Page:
[Haskell-cafe] Climbing up the shootout...

Jonathan Cast jonathanccast at fastmail.fm
Mon Sep 22 16:30:19 EDT 2008

On Tue, 2008-09-23 at 00:20 +0400, Bulat Ziganshin wrote:
> Hello Isaac,
> Monday, September 22, 2008, 11:49:30 PM, you wrote:
> >> i mean that naive haskell code is very slow and 3 or 5 or twelve libs
> >> can't solve the problem of ghc generating slow code
> > Is there something particularly fascinating about naive code written in
> > any language? 
> yes, in asm number of instructions executed more or less define
> number of CPU cycles used.

On modern processors (RISC design), naive asm is likely to be
extraordinarily slow, because memory usage and cache considerations and
register scheduling dominate processor cycles.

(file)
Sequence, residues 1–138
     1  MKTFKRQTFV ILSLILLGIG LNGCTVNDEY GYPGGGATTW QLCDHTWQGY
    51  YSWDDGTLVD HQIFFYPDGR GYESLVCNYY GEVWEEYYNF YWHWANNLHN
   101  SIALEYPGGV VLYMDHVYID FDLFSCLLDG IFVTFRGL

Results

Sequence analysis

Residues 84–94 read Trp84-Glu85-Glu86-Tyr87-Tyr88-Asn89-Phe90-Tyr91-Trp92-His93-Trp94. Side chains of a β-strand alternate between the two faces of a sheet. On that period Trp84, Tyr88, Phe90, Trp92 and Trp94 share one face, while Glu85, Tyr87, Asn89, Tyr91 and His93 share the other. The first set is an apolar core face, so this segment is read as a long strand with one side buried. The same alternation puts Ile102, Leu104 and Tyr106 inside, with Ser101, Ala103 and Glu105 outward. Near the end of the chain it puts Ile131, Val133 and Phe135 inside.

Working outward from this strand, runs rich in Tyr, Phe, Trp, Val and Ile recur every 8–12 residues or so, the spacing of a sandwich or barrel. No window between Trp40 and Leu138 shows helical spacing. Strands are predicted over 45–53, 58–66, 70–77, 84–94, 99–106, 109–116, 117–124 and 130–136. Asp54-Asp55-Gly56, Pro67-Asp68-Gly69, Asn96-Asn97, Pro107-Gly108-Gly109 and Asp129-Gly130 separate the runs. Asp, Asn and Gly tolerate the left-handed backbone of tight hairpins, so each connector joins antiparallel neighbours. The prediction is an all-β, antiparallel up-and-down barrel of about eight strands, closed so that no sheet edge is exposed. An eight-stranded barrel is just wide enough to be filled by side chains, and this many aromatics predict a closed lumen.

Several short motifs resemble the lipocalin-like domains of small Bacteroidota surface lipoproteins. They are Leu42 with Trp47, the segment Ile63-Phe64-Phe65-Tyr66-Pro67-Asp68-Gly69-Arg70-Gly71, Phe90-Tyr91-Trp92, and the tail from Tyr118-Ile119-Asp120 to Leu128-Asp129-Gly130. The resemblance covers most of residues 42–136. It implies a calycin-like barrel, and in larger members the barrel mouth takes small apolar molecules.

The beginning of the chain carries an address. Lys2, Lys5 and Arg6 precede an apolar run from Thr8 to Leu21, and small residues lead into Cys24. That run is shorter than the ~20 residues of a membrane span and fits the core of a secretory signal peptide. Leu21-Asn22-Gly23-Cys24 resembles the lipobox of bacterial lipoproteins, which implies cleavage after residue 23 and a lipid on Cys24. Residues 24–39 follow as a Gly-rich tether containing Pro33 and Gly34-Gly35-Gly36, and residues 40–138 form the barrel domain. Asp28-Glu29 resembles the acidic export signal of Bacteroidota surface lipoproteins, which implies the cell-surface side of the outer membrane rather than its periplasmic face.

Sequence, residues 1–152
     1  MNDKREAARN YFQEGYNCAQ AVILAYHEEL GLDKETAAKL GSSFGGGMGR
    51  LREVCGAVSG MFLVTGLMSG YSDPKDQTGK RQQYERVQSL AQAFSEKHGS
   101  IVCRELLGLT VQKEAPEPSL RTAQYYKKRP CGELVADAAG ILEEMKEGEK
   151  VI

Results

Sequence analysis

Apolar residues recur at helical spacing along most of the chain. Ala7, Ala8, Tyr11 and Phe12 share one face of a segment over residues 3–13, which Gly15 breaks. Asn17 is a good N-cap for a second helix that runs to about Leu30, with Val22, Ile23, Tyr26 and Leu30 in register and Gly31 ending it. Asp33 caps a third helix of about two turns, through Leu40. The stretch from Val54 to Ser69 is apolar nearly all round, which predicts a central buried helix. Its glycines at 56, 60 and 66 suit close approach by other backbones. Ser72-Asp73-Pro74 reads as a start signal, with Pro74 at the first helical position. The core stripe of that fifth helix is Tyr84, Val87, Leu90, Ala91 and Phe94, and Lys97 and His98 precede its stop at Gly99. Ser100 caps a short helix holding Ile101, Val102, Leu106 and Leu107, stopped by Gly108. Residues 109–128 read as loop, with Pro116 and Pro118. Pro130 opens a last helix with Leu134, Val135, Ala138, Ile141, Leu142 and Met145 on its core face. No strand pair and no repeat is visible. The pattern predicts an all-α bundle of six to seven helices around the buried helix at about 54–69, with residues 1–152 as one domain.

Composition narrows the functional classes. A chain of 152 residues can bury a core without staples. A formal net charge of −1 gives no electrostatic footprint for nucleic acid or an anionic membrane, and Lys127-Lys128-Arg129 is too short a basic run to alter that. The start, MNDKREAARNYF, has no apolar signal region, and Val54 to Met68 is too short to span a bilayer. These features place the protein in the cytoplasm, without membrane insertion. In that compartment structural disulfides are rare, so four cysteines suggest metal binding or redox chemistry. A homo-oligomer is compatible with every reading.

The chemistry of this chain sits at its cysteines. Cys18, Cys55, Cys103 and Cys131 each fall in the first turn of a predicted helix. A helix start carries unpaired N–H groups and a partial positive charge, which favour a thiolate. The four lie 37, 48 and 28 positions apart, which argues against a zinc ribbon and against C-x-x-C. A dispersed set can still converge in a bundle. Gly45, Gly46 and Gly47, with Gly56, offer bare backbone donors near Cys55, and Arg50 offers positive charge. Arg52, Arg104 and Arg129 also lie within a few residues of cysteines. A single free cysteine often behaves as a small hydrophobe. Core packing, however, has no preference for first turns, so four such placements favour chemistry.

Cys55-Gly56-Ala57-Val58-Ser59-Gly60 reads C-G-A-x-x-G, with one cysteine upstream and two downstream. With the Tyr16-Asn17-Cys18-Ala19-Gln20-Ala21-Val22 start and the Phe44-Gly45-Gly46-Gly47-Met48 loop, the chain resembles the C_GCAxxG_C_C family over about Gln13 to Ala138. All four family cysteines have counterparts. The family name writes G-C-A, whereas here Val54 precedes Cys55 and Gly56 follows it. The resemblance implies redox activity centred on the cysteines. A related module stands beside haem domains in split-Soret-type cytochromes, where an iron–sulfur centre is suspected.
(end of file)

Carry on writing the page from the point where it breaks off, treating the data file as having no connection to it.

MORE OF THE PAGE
> C known as portable asm.

Known as != is.  And naive C is also extraordinarily slow, especially if
written at a high level.  It is not the least bit difficult to write
memory hogs in C.  (I should know; I've done it.  And so has every major
software house (including open source projects) to release in C, for
that matter.)

> Haskell was
> developed with goal to hide implementation details from egg-headed
> scientists and this obviously should have some drawbacks

Should != is.  Not all shoot-out entries look like C with Haskell syntax
(although some do).  Naive Haskell can be 100s of times slower than
well-tuned C; naive C can be 100s of times slower than well-tuned
Haskell (where well-tuned Haskell can just mean using good data
structures.  It's quite naive indeed to dismiss better data structures
and better algorithms (especially where `better algorithms) as


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